A client of mine (let’s call her Joan) had expressed her desire to raise her three children to be kind and compassionate. She felt strongly that in a public arena full of hatred, prejudice and meanness it was vital to teach her kids civility and community.
The drama level in her household was out of control. Sure, siblings often squabble, especially pre-teens, but even when they were interacting with their friends her children sounded critical and mean.
One day Joan found herself on the phone with a neighbor discussing the shabby state of a third neighbor’s yard. In a flash of self-awareness she heard herself in full-on judgment mode – over something that didn’t really matter at all in the big picture. She heard echoes of her daughter’s gossip about some classmates and their lack of fashion sense.
Joan realized that while she was speaking to her kids about kindness, she was modeling criticism and judgment.
Where was this coming from?
We looked deeper and uncovered a hidden belief. Joan’s mother, who came from a very poor background, had married into an upper-middle-class family. She often felt inferior to her in-laws and developed the habit of criticizing superficial things in order to feel better about herself.
Joan and her sisters had adopted this behavior. Joan, who is the youngest of four girls, had her own insecurities. She has a kind heart and a sensitive nature which she learned to mask with perfectionism. When others didn’t meet her high standards she would complain and gossip.
This was the unkind behavior she now saw mirrored in her own kids’ treatment of their peers.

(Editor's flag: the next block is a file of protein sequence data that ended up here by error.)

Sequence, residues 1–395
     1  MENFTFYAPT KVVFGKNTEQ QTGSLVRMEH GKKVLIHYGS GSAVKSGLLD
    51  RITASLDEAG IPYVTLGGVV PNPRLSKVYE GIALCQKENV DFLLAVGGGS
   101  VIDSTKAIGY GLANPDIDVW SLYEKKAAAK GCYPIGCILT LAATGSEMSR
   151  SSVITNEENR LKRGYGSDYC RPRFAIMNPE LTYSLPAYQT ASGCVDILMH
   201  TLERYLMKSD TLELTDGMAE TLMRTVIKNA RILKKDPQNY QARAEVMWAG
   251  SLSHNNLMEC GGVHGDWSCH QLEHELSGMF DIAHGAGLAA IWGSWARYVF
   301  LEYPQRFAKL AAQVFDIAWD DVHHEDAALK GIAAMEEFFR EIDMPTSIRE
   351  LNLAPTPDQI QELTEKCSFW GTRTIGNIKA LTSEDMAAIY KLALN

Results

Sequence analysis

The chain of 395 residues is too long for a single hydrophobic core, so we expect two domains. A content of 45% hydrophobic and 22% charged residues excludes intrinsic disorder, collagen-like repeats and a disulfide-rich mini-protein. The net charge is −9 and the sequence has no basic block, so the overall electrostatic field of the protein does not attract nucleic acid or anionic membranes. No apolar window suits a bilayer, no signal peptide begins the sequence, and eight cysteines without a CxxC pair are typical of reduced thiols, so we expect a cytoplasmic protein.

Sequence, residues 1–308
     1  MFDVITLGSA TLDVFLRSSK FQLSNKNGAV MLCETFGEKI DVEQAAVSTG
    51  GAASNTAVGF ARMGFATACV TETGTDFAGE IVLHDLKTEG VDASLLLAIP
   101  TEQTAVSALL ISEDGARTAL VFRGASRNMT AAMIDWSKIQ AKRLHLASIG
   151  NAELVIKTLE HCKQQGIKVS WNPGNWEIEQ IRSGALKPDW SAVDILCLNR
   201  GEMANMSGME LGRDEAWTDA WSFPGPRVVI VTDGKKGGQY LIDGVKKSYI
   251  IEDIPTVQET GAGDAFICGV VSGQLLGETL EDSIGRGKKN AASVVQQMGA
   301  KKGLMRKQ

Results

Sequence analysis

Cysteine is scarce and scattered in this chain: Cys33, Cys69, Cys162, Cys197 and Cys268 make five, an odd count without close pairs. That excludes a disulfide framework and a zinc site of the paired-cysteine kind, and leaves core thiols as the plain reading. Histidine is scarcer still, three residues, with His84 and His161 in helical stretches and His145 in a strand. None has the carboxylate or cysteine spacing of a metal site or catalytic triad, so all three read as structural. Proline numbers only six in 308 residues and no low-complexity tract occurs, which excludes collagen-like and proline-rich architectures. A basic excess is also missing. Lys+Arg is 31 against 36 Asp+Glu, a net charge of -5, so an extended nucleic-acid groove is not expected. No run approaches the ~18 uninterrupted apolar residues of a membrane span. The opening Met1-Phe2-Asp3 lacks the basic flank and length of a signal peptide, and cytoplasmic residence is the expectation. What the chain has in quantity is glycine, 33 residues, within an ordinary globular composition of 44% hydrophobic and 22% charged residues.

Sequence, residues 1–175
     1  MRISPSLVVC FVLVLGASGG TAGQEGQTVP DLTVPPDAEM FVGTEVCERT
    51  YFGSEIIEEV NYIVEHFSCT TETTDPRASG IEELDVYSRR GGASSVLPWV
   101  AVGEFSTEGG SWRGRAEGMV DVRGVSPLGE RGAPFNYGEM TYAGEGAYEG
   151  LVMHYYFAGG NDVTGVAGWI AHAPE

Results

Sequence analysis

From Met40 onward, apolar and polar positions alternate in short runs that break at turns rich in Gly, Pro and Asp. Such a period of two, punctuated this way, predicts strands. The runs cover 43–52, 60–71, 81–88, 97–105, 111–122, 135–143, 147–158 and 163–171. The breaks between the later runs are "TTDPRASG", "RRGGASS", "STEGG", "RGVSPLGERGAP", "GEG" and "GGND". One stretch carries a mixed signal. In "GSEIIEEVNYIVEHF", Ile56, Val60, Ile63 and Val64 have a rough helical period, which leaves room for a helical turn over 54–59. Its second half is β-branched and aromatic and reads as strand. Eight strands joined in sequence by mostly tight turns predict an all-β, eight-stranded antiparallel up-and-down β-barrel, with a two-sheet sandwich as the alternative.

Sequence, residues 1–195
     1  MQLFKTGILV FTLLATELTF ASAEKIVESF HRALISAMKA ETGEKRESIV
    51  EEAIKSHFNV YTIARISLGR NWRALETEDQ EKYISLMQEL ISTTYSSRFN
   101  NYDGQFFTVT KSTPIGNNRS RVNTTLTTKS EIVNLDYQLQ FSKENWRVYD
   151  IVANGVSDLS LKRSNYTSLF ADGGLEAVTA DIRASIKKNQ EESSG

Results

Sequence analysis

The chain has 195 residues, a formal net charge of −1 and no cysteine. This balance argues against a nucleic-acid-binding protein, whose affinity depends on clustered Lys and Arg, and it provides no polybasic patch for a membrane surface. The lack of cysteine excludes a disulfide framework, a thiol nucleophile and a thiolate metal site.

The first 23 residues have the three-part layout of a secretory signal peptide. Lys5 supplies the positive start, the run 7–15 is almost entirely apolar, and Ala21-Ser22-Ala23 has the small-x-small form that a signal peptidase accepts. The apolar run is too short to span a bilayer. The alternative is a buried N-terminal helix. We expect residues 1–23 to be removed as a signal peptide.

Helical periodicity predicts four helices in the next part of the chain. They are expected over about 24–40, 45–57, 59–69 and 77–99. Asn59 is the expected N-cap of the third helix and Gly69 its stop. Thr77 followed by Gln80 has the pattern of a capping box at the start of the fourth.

Joan’s hidden underlying belief was that to protect her tender heart and deal with her feelings of unworthiness, she had to lash out at others and focus on where they didn’t measure up.
We all have hidden core beliefs, often learned in childhood, that can sabotage our best intentions.
Sometimes we don’t even see how our actions are at odds with our stated values.
So how do you uncover these invisible beliefs? Start by looking at the areas of your life where you feel blocked, or keep churning your wheels. What values or intentions do you consciously hold about this part of your life? How would you most like things to be?
Now look, as objectively as you can, at the actions you’ve taken (or avoided), how you behave and why your plans have gone awry. Be open to any intuitive messages that might come up. Journaling your thoughts can help. Try to avoid judging yourself harshly for being inconsistent with your intent. Simply observe.
If it helps, you can go deeper. Look to events in your past that might have influenced your core beliefs. Don’t dwell on these revelations with regret. Rather, allow your awareness of them to lead you forward.
Once Joan became aware of what she was doing, and why, she began to work on letting go of her judgmental behavior. Using tools like journaling, mindfulness and affirmations, she gradually changed her belief, and thus her actions.
Over time she saw her own kids become more gentle with one another and with their friends. She also established kinder, more authentic friendships of her own. Even better, she developed a sense of self-worth that allowed her to embrace her passions and do amazing work in her community.
It doesn’t take years to unearth and change your hidden core beliefs. It just takes a willingness to look deep inside and, with kindness, make the shifts that allow you to act from a place of authenticity and love.